Dell-installed Linux 6u system NIC name becomes EM solution

Source: Internet
Author: User
Tags deprecated naming convention centos custom name port number

The first method is as follows

Today, looking at a 710 server, I found the following questions:

[Root@bj-bx-128-98 ~]# ifup eth1
warning:deprecated config file/etc/modprobe.conf, all config files belong into/etc/modprobe.d/.
warning:deprecated config file/etc/modprobe.conf, all config files belong into/etc/modprobe.d/.
Device eth1 does not seem to be present, delaying initialization.

Found that eth1 does not exist,

View the Udev configuration and find the NIC name em2

[Root@bj-bx-128-98 ~]# Vim/etc/udev/rules.d/70-persistent-net.rules

# This file is automatically generated by the/lib/udev/write_net_rules
# program, run by the Persistent-net-generator.rules rules file.
# You can modify it, as long as your keep each of a single
# line, with the value of the Name= key.

# PCI Device 0x14e4:0x163b (BNX2)
subsystem== "NET", action== "Add", drivers== "? *", attr{address}== "78:2b:cb:3b:ae:0e", attr{type}== "1", kernel== "eth*" , name= "Eth0"

# PCI Device 0x14e4:0x163b (BNX2) (custom name provided by external tool)
subsystem== "NET", action== "Add", drivers== "? *", attr{address}== "78:2b:cb:3b:ae:0f", attr{type}== "1", kernel== "eth*" , name= "EM2"

Then the NIC's configuration file device changed to EM can stop the normal restart.

[Root@bj-bx-128-98 network-scripts]# Vim Ifcfg-eth1
Read as follows

[Root@bj-bx-128-98 network-scripts]# Vim Ifcfg-eth1

Why install the REDHAT6 system on Dell's R710 server and see the NIC is Em1 and EM2, unlike previous eht0 and eth1, is there a problem with other servers? This reason is caused by biosdevname.
In Redhat6, the default biosdevname is turned off, but it is turned on when the server is Dell.
Biosdevname is a Dell-developed tool designed to clarify ideas for naming network devices (and maintain consistency!). )。 Biosdevname is a udev helper that renames the network interface based on information provided by the system BIOS.
Specifically resolved into eth0 and eth1, you need to add the biosdevname=0 in grub.conf to disable the new naming scheme. Of course Ifcfg-eth0 and ifcfg-eth1 also need to change back to Eth0 and eht1.
Remember to empty or delete this file/etc/udev/rules.d/70-persistent-net.rules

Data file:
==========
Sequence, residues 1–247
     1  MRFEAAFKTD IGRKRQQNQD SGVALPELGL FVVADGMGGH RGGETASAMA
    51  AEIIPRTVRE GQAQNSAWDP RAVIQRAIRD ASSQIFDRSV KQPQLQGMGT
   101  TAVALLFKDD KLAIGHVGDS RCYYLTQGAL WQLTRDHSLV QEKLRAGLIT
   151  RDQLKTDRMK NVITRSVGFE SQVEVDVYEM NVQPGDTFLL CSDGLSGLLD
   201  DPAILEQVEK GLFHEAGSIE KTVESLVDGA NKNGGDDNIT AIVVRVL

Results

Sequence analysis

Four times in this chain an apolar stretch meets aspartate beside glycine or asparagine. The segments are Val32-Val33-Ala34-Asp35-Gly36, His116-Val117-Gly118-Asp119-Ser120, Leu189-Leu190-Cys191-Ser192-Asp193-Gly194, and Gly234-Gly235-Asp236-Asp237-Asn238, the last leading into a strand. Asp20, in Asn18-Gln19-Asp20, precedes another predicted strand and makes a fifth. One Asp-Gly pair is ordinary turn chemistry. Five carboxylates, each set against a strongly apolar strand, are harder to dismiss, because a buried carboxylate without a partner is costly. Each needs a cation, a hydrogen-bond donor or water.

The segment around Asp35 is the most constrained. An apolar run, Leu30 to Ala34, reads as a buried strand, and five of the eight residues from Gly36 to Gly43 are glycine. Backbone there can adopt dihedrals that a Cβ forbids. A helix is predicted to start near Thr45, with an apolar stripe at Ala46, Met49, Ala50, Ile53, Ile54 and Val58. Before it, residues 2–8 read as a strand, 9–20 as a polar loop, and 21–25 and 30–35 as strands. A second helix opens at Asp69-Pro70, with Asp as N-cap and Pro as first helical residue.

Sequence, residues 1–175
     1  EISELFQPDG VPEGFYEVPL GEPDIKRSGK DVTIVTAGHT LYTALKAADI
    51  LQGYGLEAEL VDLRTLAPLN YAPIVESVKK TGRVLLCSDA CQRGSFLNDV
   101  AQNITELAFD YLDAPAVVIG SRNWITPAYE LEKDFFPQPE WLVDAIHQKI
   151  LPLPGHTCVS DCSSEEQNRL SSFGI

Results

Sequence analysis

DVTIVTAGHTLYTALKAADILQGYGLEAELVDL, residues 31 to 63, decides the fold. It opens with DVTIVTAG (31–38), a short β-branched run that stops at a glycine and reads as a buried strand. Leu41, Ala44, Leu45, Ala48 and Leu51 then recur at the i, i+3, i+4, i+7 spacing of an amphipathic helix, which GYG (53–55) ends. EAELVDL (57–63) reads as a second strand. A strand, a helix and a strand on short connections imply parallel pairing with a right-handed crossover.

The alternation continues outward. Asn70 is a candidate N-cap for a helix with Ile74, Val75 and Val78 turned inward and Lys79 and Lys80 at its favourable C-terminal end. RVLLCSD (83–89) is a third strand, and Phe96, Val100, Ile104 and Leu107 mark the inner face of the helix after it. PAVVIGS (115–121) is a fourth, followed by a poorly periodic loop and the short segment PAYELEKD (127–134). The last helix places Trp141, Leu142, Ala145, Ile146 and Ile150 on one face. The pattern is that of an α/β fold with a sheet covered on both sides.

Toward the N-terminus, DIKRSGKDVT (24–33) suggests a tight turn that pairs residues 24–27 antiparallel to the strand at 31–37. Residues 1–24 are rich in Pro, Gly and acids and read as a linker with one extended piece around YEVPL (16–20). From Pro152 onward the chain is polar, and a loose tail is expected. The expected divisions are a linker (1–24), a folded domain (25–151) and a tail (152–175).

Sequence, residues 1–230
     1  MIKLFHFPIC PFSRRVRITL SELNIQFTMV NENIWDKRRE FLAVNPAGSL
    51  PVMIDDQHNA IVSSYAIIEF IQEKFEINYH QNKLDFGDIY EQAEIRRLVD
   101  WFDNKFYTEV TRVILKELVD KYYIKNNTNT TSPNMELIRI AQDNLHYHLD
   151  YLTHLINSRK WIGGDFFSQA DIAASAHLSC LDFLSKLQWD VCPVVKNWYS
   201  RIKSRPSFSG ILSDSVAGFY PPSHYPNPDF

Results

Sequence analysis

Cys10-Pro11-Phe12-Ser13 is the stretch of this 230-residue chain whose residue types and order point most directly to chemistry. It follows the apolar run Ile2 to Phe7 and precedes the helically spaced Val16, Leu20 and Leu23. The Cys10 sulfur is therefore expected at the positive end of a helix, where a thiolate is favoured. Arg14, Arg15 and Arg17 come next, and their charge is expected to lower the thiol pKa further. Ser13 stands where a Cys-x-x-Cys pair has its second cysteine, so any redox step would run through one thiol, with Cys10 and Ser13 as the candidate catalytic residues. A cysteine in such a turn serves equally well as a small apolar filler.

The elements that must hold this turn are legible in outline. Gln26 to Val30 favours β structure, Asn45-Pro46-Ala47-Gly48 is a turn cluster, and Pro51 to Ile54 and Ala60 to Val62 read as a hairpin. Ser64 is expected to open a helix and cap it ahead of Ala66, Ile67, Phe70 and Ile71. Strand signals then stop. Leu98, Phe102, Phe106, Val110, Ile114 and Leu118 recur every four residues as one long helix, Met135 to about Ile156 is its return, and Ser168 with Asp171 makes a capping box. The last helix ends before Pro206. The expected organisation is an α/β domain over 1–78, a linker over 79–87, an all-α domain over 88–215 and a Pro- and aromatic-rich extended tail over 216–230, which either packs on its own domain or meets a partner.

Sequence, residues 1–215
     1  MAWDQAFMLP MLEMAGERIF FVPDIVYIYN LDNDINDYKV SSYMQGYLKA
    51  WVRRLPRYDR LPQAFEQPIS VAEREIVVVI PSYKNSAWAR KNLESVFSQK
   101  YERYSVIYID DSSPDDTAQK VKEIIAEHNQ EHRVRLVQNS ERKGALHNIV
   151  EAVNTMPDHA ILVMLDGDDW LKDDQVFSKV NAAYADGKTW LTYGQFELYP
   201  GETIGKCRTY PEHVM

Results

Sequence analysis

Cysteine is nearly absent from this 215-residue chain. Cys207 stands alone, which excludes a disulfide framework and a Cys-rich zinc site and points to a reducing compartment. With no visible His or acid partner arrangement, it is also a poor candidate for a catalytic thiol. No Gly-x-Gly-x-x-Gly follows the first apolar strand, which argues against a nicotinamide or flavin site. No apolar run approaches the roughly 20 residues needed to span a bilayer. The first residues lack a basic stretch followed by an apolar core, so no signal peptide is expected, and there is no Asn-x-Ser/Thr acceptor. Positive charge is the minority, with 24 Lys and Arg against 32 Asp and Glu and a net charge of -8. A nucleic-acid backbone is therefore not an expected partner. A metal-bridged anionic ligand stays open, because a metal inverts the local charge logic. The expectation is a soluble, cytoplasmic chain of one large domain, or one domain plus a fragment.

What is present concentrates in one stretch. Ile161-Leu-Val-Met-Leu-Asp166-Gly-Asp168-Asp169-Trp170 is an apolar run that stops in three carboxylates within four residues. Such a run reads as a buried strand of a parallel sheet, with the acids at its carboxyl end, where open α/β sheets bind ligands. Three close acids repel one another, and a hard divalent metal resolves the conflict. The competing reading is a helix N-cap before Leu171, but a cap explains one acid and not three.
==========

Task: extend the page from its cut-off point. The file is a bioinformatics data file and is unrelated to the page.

That's what the Dell official said:

This article represents the Dell Enterprise Linux design Team's Narayanan D release

Red Hat Enterprise Linux 6 Service Pack 1 (RHEL 6 SP1) has been introduced with a new naming convention for network interfaces. Dell also developed the ' Biosdevname ' udev helper utility with the GPL-compliant protocol. It suggests a new device name based on the physical location of the network interface in the system.

During the installation of RHEL6 SP1 to a supported Dell PowerEdge server, the new network interface name becomes:

EmN (EM1, EM2, ...)

To replace the ETHN name previously used by the motherboard integrated network port.

For PCI Extended Network interfaces, the name will be:

Pxpy (P<slot number>p<port number>-P1P1, P1P2, ...).

According to the new naming scheme, EM1 maps ' GB1 ' (em2 map ' Gb2 ') to the same label on the server base, making it easier to manage the network interface effectively. Name P1P2 makes it easy to identify network ports on the extended network card.

The new naming scheme is opened by default on the supported Dell PowerEdge platform. Passing the ' biosdevname=0 ' kernel command-line argument during installation disables the new naming scheme and retains it at run time.

Existing scripts that hard-code the ETHN name may need to be changed to recognize the network device name.

The second method introduces:

First step: Modify System Grub


Adding a biosdevname=0 start parameter, I modified the result as follows:
[Root@localhost ~]# cat/boot/grub/grub.conf
# grub.conf generated by Anaconda
# so you don't have to rerun grub after making changes to this file
# notice:you do not have a/boot partition. This is means that
# all kernel and INITRD paths are relative to/, eg.
# root (hd0,0)
# kernel/boot/vmlinuz-version RO root=/dev/sda1
# initrd/boot/initrd-[generic-]version.img
#boot =/DEV/SDA
Splashimage= (hd0,0)/boot/grub/splash.xpm.gz
Title CentOS (2.6.32-220.el6.x86_64)
Root (hd0,0)
kernel/boot/vmlinuz-2.6.32-220.el6.x86_64 ro root=uuid=360d089b-d466-4005-abcb-c5e517d31a96 Rd_NO_LUKS Rd_NO_LVM Lang=en_us. UTF-8 rd_no_md quiet Sysfont=latarcyrheb-sun16 rhgb crashkernel=auto keyboardtype=pc keytable=us Rd_NO_DM biosdevname=0 #---> This is a new addition.

Step two: Delete the Udev configuration file rm-f/etc/udev/rules.d/70-persistent-net.rules

Note: The second step is that you do not need to operate.

Step three: Modify the name of the current NIC configuration file

MV Ifcfg-em1 "" "Ifcfg-eth0
MV ifcfg-em2 "" "Ifcfg-eth1
MV Ifcfg-em3 "" "Ifcfg-eth2
MV Ifcfg-em4 "" "Ifcfg-eth3

Fourth step: Modify the network card configuration file content, em1 all changes to eth0

[Root@xingfujie ~]# Cat/etc/sysconfig/network-scripts/ifcfg-eth0
Device= "Eth0"
Bootproto= "DHCP"
Hwaddr= "24:b6:fd:f8:d5:84"
Nm_controlled= "Yes"
onboot= "Yes"
You can use the command to replace the following:

Perl-p-i-e ' s/em1/eth0/g ' ifcfg-eth0 or sed-i ' s/em1/eth0/g ' Ifcfg-eth0
Final step: Reboot the system shutdown-r now you find the familiar Eth0-eth4 has come back, by the way CentOS 6.2 also has a problem is that if you do not write DNS in the NIC configuration file, you will find/etc/after the reboot. resolv.conf file is emptied, one way is to write DNS in the NIC configuration file, another way is to give/etc/resolv.conf I attribute, chattr +i/etc/resolv.conf

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